Ag groups ask Congress to extend biodiesel tax credit

Congress can help mitigate mounting rural economic crisis by extending biodiesel tax incentive that's up for immediate consideration.

Jacqui Fatka, Policy editor

May 23, 2019

2 Min Read
Ag groups ask Congress to extend biodiesel tax credit
United Soybean Board

Thirteen trade groups representing farmers, rural lenders, crop and bio-based oil producers and biodiesel producers wrote leaders of the House and Senate asking them to take action on bipartisan legislation to extend the biodiesel tax incentive.

The groups include the Agricultural Retailers Assn., American Farm Bureau Federation, American Soybean Assn., CoBank, Corn Refiners Assn., Farm Credit Council, National Biodiesel Board (NBB), National Council of Farmer Cooperatives, National Farmers Union, National Oilseed Processors Assn., National Renderers Assn. (NRA), National Sorghum Producers and U.S. Canola Assn.

“America’s farmers and rural communities are facing a mounting economic threat. With your leadership, Congress can help mitigate the crisis by taking immediate action on a policy that enjoys bipartisan, bicameral support. We are writing today to ask you to renew and extend the biodiesel tax incentive at the earliest opportunity,” the letter stated.

“Senators and representatives from both sides of the aisle and across the country agree that the biodiesel tax incentive should be renewed,” the letter continued. “We ask you to bring an extension of the biodiesel tax incentive up for immediate consideration in Congress.”

Kurt Kovarik, NBB vice president of federal affairs, added, “Income for America’s farmers is falling, and the impact is beginning to be felt in other sectors of the rural economy. Biodiesel production adds value to oilseed crops and recycled oils, providing one bright spot for the agriculture sector. Congress can take rapid action to renew the biodiesel tax incentive – a policy that enjoys broad bipartisan support – to help U.S. biodiesel producers continue growing.”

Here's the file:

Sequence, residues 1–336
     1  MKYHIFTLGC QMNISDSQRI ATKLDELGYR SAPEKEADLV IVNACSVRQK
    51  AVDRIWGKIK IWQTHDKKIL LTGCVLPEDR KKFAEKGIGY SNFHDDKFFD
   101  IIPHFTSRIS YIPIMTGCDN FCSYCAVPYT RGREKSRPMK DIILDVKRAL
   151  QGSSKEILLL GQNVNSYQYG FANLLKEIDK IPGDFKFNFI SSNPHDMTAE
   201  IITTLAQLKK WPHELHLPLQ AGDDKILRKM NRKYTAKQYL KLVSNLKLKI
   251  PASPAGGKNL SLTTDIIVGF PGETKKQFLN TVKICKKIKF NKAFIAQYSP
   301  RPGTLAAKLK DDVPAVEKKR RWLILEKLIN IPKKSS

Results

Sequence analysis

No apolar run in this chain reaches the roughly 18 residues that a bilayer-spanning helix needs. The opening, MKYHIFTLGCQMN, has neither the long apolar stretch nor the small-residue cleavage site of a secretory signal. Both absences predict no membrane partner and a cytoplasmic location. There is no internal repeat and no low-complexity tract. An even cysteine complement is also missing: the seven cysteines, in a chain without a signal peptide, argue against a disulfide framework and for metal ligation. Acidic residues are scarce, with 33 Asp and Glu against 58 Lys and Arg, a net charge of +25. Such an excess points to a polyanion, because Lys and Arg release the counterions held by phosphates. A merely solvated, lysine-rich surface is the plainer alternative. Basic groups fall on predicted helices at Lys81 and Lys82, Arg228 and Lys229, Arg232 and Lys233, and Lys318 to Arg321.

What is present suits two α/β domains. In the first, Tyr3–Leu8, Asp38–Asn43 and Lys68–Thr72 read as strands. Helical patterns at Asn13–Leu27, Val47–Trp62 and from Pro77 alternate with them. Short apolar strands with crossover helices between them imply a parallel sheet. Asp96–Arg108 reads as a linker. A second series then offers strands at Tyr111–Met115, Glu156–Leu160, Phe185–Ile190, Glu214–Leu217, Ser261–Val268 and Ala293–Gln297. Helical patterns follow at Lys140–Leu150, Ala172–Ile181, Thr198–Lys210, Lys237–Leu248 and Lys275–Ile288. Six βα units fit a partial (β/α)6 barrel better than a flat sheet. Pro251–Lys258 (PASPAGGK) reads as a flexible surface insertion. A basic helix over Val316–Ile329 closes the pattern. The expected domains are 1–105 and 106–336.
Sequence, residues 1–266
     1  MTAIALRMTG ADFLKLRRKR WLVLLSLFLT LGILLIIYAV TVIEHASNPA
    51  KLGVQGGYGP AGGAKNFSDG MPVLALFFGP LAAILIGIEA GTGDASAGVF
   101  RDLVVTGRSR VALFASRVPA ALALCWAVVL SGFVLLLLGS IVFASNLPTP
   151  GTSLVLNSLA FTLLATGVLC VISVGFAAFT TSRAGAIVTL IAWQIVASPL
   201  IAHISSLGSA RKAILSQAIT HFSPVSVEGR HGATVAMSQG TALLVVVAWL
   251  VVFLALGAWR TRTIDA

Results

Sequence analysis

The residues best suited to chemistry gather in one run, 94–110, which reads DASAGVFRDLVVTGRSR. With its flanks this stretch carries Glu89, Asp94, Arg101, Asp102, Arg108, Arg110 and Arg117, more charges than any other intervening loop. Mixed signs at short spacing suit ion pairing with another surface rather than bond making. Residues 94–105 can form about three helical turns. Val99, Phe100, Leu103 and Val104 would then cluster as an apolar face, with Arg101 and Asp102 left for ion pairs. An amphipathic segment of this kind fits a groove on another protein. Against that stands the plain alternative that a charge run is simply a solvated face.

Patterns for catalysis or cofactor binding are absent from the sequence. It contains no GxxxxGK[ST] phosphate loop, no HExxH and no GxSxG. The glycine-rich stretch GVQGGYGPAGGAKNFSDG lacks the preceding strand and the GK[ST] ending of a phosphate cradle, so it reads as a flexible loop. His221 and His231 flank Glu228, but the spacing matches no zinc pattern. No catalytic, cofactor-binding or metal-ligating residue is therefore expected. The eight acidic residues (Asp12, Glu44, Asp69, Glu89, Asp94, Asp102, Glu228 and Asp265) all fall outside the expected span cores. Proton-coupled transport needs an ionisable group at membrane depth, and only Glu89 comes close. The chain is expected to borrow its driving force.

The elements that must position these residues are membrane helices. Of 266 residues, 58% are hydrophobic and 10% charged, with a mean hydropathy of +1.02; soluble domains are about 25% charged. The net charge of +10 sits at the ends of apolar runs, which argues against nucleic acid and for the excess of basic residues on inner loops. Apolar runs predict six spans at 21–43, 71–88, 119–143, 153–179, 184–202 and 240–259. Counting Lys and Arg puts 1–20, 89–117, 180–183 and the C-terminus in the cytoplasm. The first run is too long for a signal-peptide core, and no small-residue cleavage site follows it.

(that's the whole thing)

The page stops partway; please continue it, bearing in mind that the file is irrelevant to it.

Related:Bipartisan leaders push for biodiesel tax credit

Approximately 28% of feedstock to produce biodiesel comes from these oils and fats, NRA said in a statement. Renderers reclaim used cooking oil and recycle animal leftovers (after processing) into valuable ingredients to produce biofuels and hundreds of other products. Biodiesel is a sustainable, clean-burning diesel replacement that can be used in existing diesel engines without modification.

“Extending the biodiesel tax incentive is crucial to encourage continued and growing biodiesel production,” NRA president Nancy Foster said. “By recycling used cooking oils and leftover animal byproducts into new ingredients for biodiesel, rendering’s sustainability contributes to the environmental benefits of this valuable fuel.”

Biodiesel is made from an increasingly diverse mix of resources such as recycled cooking oil, soybean oil and animal fats and was the nation’s first domestically produced, commercially available advanced biofuel.

Related:Congress asked to extend biodiesel tax incentive

NBB is the U.S. trade association representing the entire biodiesel value chain, including producers, feedstock suppliers and fuel distributors, as well as the U.S. renewable diesel industry.

About the Author(s)

Jacqui Fatka

Policy editor, Farm Futures

Jacqui Fatka grew up on a diversified livestock and grain farm in southwest Iowa and graduated from Iowa State University with a bachelor’s degree in journalism and mass communications, with a minor in agriculture education, in 2003. She’s been writing for agricultural audiences ever since. In college, she interned with Wallaces Farmer and cultivated her love of ag policy during an internship with the Iowa Pork Producers Association, working in Sen. Chuck Grassley’s Capitol Hill press office. In 2003, she started full time for Farm Progress companies’ state and regional publications as the e-content editor, and became Farm Futures’ policy editor in 2004. A few years later, she began covering grain and biofuels markets for the weekly newspaper Feedstuffs. As the current policy editor for Farm Progress, she covers the ongoing developments in ag policy, trade, regulations and court rulings. Fatka also serves as the interim executive secretary-treasurer for the North American Agricultural Journalists. She lives on a small acreage in central Ohio with her husband and three children.

Subscribe to Our Newsletters
Feedstuffs is the news source for animal agriculture

You May Also Like